The best strategy depends on your age, income, penchant for spending, loan burden and interest rates.
If you’re in your 60s and tend to spend rather than save, pay off education debt before adding to retirement accounts.
If you’re in your 20s, do the opposite.
That’s the advice from a recent study by researchers from Morningstar and its HelloWallet unit, and they also just launched a free online calculator at http://www.morningstar.com/hw/student-loans-calculator/
The test asks a few questions about a user’s age, income and tendency to save or spend an extra dollar of income, as well as the amount of the user’s student loans and the interest rate. High borrowing rates, a penchant for spending and a short time until retirement all tilt the equation toward using extra cash to pay down the student loans.
Most Read Business Stories
- Should you pay off your mortgage before you retire?
- Microsoft alumni play one last game of hallway putt-putt before demolition
- Drivers for Amazon Flex can wind up earning less than they realize
- From suicide blast in Afghanistan to helping run Boeing Commercial Airplanes WATCH
- Rising interest rates, slowing home sales expected to hurt remodelers
Most borrowers, however, are better off in the long run by paying the minimum balance on their student loans and stashing any extra cash into retirement accounts, rather than the other way around, said Jake Spiegel, senior research analyst for HelloWallet.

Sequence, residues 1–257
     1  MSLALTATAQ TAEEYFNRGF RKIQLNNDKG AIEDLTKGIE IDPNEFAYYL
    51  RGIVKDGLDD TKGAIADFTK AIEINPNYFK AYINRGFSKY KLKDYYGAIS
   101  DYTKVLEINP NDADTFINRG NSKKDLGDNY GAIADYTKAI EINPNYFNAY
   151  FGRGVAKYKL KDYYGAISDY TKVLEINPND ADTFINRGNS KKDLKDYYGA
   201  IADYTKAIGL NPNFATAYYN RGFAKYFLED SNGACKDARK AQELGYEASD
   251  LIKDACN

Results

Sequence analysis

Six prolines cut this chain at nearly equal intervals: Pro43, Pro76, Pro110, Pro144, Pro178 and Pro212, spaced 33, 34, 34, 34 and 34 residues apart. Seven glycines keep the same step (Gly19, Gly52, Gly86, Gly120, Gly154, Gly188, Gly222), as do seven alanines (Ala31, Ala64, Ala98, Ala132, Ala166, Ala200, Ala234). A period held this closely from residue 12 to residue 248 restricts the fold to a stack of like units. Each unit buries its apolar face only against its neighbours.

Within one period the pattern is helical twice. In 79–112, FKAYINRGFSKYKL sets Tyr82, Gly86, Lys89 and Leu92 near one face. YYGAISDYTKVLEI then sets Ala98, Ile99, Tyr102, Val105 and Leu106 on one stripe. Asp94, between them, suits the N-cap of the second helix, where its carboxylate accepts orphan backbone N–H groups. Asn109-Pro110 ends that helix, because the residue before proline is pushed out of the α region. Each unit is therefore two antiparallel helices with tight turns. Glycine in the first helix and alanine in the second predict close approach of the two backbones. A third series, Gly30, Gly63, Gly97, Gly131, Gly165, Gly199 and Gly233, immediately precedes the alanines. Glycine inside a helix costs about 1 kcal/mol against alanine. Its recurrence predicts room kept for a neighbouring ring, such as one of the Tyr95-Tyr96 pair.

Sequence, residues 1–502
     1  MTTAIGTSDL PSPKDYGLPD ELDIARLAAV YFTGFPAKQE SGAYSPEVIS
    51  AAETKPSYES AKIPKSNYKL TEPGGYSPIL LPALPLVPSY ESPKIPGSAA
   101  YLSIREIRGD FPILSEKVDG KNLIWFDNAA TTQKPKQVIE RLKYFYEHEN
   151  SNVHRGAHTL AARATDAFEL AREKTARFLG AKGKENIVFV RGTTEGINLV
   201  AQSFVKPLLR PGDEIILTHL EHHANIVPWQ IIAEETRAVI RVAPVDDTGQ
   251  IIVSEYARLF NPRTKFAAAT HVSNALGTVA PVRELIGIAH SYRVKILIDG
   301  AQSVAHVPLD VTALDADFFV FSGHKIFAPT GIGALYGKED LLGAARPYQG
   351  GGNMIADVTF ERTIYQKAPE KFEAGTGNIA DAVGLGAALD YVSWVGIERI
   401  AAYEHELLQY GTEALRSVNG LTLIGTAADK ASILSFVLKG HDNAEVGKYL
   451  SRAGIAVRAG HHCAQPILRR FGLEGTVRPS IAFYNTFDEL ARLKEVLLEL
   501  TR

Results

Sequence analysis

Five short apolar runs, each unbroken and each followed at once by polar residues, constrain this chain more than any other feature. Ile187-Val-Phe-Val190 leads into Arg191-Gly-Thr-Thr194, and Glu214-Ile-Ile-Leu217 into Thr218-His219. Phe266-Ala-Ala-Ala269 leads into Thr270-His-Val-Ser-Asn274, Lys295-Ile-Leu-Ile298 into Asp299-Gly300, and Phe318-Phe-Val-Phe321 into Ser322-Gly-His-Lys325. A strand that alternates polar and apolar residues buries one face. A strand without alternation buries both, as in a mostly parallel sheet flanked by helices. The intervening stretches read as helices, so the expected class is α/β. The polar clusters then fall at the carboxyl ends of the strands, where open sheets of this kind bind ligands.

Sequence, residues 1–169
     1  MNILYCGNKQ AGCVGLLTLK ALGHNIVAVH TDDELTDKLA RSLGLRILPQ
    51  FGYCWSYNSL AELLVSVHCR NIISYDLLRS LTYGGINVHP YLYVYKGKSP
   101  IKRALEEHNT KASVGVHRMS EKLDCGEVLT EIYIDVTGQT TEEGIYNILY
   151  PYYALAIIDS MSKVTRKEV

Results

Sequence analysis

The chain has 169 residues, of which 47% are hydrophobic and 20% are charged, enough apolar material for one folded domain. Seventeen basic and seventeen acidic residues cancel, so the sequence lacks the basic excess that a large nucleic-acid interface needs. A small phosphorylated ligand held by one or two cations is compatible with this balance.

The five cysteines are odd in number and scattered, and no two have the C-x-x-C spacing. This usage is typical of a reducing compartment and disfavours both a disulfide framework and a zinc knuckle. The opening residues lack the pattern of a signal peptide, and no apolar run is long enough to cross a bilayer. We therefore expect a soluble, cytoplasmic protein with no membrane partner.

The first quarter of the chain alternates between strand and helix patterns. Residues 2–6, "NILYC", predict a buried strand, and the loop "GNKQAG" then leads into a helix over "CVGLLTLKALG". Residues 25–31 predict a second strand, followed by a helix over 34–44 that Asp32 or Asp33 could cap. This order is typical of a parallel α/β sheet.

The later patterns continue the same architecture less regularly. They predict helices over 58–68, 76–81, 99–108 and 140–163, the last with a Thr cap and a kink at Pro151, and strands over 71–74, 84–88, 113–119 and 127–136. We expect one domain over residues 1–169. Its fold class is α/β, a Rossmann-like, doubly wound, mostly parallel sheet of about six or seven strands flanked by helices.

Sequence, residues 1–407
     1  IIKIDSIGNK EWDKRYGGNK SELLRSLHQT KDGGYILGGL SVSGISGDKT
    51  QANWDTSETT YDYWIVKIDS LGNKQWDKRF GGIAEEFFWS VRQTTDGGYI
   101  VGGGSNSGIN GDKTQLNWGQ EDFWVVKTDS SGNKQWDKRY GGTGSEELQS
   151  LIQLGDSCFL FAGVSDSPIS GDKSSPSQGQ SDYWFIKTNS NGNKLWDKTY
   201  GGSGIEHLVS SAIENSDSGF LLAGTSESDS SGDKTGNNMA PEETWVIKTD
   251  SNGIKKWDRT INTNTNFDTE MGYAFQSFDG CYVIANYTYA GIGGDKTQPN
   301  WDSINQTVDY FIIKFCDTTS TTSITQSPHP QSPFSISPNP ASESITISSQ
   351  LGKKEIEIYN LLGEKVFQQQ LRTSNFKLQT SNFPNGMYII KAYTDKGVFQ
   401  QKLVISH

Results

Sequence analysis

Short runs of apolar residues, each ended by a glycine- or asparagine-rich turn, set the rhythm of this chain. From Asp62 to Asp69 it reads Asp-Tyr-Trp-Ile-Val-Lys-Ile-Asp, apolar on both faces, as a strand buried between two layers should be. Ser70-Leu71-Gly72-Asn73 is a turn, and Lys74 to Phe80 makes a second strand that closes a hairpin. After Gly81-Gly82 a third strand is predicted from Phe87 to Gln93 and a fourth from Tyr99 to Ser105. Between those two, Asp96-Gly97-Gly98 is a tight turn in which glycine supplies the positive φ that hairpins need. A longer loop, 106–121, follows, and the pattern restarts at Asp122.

“People in their 20s and 30s are almost always better off saving more for retirement than paying loans off early,” Spiegel said. That’s because they have long time horizons for the retirement investments to compound. Older workers paying off their kids’ student loans or their own midcareer retraining costs are a different story. “If an older worker has an especially generous company match it could be a toss-up, but if there is no match, paying loans off early” is typically the better strategy, he said.
It’s an interesting exercise to work the calculator and contemplate the best payoff strategy to maximize long-run retirement income, but keep in mind there are a host of other factors that real people encounter, said Brad Bond, founder of C.B. Bond Financial Planning. The correct balance is different for each client, Bond said, but there are some guardrails to keep in mind:
Win the match. Allocate extra savings toward your 401(k) at least until you exhaust company matching funds, Spiegel said.
Don’t psych yourself out. Some people get an emotional lift simply from paying off debts early, and it removes future expenses from a budget, but it comes at a cost of less liquid wealth in retirement because you’ve missed out on years of compounding, he said.
Take advantage of free money. Just as retirement savers should take advantage of the free money associated with an employer match, Spiegel said, borrowers should take advantage of income-based repayment plans offered for many student loans. These plans weren’t factored into the new calculator, but the research paper noted their importance.
Junior, we need to talk. Sometimes, student debt just shouldn’t be a given. If the debt is for a grown child, use this study to start a conversation about how much debt, if any, you can truly afford to incur.